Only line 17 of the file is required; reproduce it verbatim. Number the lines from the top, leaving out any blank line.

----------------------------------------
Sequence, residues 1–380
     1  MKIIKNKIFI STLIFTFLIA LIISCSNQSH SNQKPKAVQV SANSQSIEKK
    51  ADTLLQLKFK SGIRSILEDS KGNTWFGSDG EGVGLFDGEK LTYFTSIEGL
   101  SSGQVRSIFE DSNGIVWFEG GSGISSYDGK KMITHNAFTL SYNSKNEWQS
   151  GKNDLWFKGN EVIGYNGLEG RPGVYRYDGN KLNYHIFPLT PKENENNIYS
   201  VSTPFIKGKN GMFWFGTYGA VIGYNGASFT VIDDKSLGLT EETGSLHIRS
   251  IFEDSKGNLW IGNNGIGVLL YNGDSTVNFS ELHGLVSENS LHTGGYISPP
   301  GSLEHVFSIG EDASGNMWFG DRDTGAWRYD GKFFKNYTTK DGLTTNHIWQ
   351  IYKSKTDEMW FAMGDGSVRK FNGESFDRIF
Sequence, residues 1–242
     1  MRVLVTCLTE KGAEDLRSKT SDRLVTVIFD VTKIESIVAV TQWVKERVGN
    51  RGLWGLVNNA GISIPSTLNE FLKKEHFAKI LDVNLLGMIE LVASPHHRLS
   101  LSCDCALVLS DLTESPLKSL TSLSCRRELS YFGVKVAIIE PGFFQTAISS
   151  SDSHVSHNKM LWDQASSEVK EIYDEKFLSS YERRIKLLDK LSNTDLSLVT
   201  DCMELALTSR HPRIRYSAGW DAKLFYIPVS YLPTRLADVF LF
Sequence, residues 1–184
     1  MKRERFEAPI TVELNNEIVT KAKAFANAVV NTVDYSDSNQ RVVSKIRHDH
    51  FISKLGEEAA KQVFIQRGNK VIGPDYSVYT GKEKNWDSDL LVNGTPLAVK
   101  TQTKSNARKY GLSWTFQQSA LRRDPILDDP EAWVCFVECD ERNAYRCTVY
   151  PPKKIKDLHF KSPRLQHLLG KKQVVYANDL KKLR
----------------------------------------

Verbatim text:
     1  MKRERFEAPI TVELNNEIVT KAKAFANAVV NTVDYSDSNQ RVVSKIRHDH